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Paella 101 – How to Pick Your Paella Pan

Machika carbon steel paella pan example image

Okay so we have talked about how to take care of your paella, but we haven’t addressed how to actually make a paella. At first, it might seem extremely overwhelming. Do not worry, Machika to the rescue! Welcome to paella 101, a new segment where we will give you tips and explain the basics of how to make a mouth watering paella. Today we are going to explore the first of the four key elements to make a delicious paella. Let’s get started. 

Element One: The Type of Paella Pan

Here at Machika, we offer a great variety of paella pans. The choosing from all the different sizes and materials can get a little overwhelming. So this is your guide to picking which pan is perfect for you.

Paellas are very unique pans. Made out of thin conductive metal, paellas allow for simultaneous cooking of all the ingredients. The shape of the pan evenly evaporates the juices as you cook your rice, creating that finger licking texture of a paella.

Machika Carbon Steel Paella Pans

We offer enameled steel paellas and carbon steel paellas. Carbon steel paellas are the most traditional pans. They have a slight advantage in how fast they heat up and cool down. Some people say, it;s exposed metal gets your paella a little closer to the desired flavor. However, the downside to carbon steel paellas is it’s tendency to rust easily if not taken care of correctly. If you want to learn how to take care of your paella, check out our blog post about it.

Machika Enameled Steel Paella Pans 

Enameled steel paellas are made out of carbon steel but have been coated in black enamel. This coat prevents rusting and creates for a much easier clean up. The only drawback is that the enamel coating can be damaged a bit if your paella gets banged around a lot. This risk however, would only affect the paella’s appearance and not it’s performance.

Element Two: Paella Pan Sizes

To decide the size of the pan you need, we have to look at how much rice you want to use. The more rice, the wider the pan. Remember your rice has to be spread out in a thin layer (½ to ¾ inch thick) throughout your pan. When everything is put in your pan, your liquid should be able to reach the pan’s handles.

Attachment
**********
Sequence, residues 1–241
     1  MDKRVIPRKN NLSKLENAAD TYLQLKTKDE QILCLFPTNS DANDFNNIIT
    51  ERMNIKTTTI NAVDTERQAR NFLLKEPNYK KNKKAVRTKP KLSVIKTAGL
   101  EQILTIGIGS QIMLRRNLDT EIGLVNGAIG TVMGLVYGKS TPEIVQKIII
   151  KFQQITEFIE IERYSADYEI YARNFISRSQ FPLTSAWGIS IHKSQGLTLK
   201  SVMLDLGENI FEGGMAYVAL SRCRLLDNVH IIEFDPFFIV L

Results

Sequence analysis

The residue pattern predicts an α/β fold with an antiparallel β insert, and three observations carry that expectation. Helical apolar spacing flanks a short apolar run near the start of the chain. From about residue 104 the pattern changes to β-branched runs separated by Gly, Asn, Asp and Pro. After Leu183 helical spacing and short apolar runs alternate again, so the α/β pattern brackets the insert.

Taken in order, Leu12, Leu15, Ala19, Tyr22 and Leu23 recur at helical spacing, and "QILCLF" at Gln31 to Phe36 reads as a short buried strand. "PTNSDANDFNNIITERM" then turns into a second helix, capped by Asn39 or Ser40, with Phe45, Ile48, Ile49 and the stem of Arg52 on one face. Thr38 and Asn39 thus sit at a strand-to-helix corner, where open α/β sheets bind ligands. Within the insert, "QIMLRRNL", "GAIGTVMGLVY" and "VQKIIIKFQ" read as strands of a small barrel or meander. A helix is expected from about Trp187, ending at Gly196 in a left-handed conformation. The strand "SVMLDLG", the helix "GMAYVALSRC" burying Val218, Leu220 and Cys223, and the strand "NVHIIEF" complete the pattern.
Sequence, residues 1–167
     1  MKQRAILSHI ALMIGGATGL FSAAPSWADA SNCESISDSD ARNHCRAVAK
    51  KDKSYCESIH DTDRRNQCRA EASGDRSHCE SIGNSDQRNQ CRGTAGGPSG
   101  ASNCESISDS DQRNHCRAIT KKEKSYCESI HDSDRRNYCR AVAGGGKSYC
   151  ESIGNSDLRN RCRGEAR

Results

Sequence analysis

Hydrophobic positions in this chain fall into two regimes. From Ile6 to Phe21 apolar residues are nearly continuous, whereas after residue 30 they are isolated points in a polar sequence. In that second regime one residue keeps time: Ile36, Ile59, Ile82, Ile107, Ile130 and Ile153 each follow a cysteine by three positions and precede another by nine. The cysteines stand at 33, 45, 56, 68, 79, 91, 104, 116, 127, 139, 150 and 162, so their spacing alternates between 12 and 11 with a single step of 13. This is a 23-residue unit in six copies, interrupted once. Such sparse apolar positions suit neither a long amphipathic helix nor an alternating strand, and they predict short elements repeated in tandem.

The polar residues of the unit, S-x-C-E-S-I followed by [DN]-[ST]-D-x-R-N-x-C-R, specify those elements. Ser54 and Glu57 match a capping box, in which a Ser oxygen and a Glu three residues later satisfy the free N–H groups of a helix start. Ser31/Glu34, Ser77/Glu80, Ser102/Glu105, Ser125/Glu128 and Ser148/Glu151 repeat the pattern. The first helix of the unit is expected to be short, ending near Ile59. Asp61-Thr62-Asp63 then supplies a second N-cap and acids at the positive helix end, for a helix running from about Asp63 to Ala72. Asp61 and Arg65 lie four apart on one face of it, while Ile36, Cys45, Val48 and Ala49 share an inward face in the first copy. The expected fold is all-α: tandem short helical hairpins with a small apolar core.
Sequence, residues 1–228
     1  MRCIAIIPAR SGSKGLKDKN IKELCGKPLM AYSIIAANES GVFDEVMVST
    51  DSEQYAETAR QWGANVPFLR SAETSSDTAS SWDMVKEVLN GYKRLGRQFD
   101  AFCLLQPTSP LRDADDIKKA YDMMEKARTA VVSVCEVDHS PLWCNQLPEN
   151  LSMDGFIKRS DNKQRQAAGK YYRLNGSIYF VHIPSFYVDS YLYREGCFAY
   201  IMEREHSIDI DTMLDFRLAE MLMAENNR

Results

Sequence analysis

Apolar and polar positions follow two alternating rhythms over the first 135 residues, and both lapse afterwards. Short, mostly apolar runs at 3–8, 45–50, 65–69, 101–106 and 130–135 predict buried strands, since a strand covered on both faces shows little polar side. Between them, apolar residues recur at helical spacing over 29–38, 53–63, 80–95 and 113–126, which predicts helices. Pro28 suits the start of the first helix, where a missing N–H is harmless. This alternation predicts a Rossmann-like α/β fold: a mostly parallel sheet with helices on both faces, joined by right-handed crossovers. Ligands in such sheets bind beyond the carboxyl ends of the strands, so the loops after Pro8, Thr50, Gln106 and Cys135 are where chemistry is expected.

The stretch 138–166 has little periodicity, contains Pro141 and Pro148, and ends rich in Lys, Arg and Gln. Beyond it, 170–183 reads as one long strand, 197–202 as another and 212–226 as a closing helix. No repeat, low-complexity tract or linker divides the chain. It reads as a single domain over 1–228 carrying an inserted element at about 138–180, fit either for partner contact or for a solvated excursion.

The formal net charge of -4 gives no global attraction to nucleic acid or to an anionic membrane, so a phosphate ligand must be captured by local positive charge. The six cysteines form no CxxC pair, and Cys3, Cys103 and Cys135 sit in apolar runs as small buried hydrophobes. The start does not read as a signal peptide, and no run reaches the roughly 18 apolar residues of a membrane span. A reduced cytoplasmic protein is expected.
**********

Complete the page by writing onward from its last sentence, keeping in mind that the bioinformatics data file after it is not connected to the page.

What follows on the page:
There is a famous Spanish saying that says: “Where four can eat, so can five”. Paellas are very flexible when it comes to serving size per recipe, as long as the cook knows how to adapt. So most homes in Spain do not have paella pans to fit every serving possibility. You can use larger sizes for smaller serving recipes but avoid trying to overload a pan with too much. Do not stretch your pan for over two servings. Instead, just purchase a bigger pan. Here are our pan size recommendations: 

10 26 2
12 30 4
13 34 5
15 38 8
17 42 10
18 46 12
20 50 14
22 55 16
24 60 19
26 65 22
28 70 25


Element Three: Treating Your Paella Pan Right

The last thing to keep in mind when getting a new paella pan is proper treatment. Now, that does not only mean treating it to prevent rust like a cast iron pan, but also knowing what to use and how to use the pan. For example, if you go with a nice enameled paella pan from Machika, you will not have to treat the surface to avoid rust. The enamel coating will protect the metal for reacting to air or water and oxidizing. However, the coating is not invulnerable. You can still scratch the surface with enough force and an abrasive material. When using stainless steel utensils, avoid scratching the pan's surface too hard. You should also be careful when using scrub pads like steel wool on either pan.

Carbon steel requires a bit more work to keep in tip-top shape. The first thing you should do upon receiving your pan is clean it to remove any chemicals that may have been left over during manufacturing. You can do so with washing with soap, water, and a soft sponge or by boiling water in the pan and rinsing it out. Afterwards, if you do not intend to use the pan immediately, you will want to coat the pan in vegetable oil. Place a couple drops of oil in the pan and use a paper towel to rub the oil all around the pan. Cover both the inside surface and bottom of the pan in a thin layer of oil. The oil will protect against rusting and oxidation. After use and cleaning, you will want to repeat this process. 

At Machika, #EveryoneIsInvited

Take it from me, when you cook a paella everyone will want to come. So have fun with it. Enjoy every bit of the process. Imagine the infinite possibilities of delicious foods you can create with a Machika paella pan. Get ready to laugh and share with your loved ones. I hope this helped. See you on the next post of our Paella 101 segment. You can check out our other articles and recipes at our blog here.

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